OAKWOOD HILLS – The Illinois Open Meetings Act allowed the village board last year to go into closed session to discuss a lawsuit filed by a resident over ownership of a strip of land.
The board's subsequent discussion of the six-figure annual hosting fee the village would get from a company that wanted to build a natural gas turbine power plant is another story.
Meeting minutes obtained by the attorney representing residents opposed to the plant's construction indicate that village officials likely broke the law on July 11, 2013, when they went from a topic covered by the Act to one that is not.
What's more, it would be another year before board members informed their constituents of the proposal to build the 430-megawatt, $450 million plant.
Attorney Steven Cuda has filed a complaint over the alleged violation with the McHenry County State's Attorney's Office, asking for prosecution of offending individuals "if appropriate".
"This puts [the village board] on notice that any discussion on this power plant has to be done in public. Other than that, it lets them know that the old way of doing things won't cut it anymore," Cuda said.
The Open Meetings Act limits the topics that public bodies can discuss behind closed doors. The law states that the exemptions are to be narrowly construed, meaning when in doubt, the meeting is open.
The law does not cover the discussion as described in the minutes.
Board members discussed the amount of money that Enventure Partners, based in Coral Gables, Florida, would pay the village.
The board had already rejected an initial offer from Enventure of $150,000 a year for 10 years, according to the minutes. The transcript also revealed that the village had negotiated $60,000 up-front to help pay for improvements to Rawson Bridge Road.
Another $750,000 would be paid upon the company opening the plant in 2017, followed by $150,000 a year "forever". Minutes also reveal that the board would ask for more money when the plant "[expands] ...to build another turbine."
Despite reforms strengthening the Open Meetings and Freedom of Information acts following the impeachment of former Gov. Rod Blagojevich, abuse of the closed-session exemption for litigation is still widespread, said Don Craven, attorney for the Illinois Press Association, of which the Northwest Herald is a member.
"That's anything. If a village board approves something, they could get sued. If they don't approve something, they could get sued," Craven said.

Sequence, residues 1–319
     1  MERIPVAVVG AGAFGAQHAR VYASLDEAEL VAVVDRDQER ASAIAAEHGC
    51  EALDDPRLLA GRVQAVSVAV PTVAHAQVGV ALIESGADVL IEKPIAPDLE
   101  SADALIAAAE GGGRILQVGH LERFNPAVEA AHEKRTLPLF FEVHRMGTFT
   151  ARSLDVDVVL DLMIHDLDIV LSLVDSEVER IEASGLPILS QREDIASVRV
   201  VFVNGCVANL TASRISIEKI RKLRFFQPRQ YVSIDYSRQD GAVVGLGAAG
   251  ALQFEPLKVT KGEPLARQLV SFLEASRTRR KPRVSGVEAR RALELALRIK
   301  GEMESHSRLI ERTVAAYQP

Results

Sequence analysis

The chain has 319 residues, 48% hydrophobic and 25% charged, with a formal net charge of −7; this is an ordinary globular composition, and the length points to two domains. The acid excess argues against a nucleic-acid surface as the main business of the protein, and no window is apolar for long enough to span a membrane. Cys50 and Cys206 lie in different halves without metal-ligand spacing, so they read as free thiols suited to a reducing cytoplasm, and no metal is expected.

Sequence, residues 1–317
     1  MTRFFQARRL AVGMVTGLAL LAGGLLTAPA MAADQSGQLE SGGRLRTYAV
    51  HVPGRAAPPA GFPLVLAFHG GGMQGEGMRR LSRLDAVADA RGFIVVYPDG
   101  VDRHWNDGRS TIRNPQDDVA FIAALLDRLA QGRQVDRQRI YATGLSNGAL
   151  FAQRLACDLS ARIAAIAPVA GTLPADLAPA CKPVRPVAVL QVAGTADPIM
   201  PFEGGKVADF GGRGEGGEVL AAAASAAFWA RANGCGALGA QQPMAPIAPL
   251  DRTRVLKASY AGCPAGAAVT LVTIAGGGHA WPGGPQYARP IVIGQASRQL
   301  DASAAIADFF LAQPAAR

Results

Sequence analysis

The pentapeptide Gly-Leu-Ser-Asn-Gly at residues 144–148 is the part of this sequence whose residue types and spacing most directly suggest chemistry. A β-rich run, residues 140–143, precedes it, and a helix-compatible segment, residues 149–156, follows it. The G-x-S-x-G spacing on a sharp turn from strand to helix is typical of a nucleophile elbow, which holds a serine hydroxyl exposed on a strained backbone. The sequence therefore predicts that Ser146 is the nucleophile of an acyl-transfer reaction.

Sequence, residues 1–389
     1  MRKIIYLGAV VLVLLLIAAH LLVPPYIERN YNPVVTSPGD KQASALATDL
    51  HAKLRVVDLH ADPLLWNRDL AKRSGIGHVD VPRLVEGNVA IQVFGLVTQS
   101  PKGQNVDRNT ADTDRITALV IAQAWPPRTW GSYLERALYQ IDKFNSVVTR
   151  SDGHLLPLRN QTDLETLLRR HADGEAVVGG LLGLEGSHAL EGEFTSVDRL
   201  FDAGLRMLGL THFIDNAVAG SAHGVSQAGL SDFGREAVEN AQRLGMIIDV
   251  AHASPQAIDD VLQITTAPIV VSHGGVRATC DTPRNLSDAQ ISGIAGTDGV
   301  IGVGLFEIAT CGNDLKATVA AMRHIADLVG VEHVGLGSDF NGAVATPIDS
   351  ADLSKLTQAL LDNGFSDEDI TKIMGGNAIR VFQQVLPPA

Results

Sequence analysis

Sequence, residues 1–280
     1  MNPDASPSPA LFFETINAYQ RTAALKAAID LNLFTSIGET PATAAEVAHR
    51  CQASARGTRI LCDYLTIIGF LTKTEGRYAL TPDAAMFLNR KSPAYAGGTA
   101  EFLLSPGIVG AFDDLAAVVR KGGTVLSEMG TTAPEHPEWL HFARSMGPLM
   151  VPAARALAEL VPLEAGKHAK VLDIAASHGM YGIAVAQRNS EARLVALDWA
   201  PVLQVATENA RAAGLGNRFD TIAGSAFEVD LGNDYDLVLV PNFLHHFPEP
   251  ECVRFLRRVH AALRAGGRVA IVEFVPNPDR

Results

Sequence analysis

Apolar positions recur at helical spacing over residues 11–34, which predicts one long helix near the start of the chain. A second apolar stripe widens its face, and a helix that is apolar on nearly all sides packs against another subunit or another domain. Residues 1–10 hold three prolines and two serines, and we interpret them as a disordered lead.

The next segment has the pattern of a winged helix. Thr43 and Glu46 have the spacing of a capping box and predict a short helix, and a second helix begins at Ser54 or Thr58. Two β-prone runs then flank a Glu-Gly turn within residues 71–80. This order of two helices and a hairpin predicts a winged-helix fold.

State law requires all Illinois elected officials to take yearly training on compliance with the Open Meetings and Freedom of Information acts. Village attorney John Cowlin, who according to the minutes attended the meeting, could not be reached for comment Friday.
The State's Attorney's Office has 60 days from the discovery of a violation of the Open Meetings Act to bring civil or criminal charges, Craven said.
Because the meeting in question did not appear to result in any action by the board, Craven said the most the office likely would be able to do is an injunction against future violations. An action taken in closed session can be declared void by a state's attorney.
Going to the state's attorney is the sole recourse for this particular infraction. While post-Blagojevich reforms now allow citizens to file complaints with the Attorney General's Office, the deadline is 60 days from the date of an alleged illegal meeting, not from the date of discovery.
State Rep. David McSweeney, R-Barrington Hills, called both the closed-session meeting and the content of its discussion "outrageous." McSweeney and Cuda said they found the comment at the end about the plant producing "clean energy" and having "no environmental impact" galling.
"I think this is another example of what a fiasco this has turned into," McSweeney said.
McSweeney and Sen. Dan Duffy, R-Lake Barrington, both oppose the power plant proposal and stepped in last month to ask Attorney General Lisa Madigan to force the village board to reopen village hall after they had closed it because of reported threats.
The Northwest Herald filed a FOIA request with Oakwood Hills for all police reports detailing any threats against board members or village employees, but no such records exist.
About this series
"No More Excuses" is the Northwest Herald's ongoing series about the public's right to know in Illinois.
On the Net
Visit http://foia.ilattorneygeneral.net to learn more about the Illinois Open Meetings Act.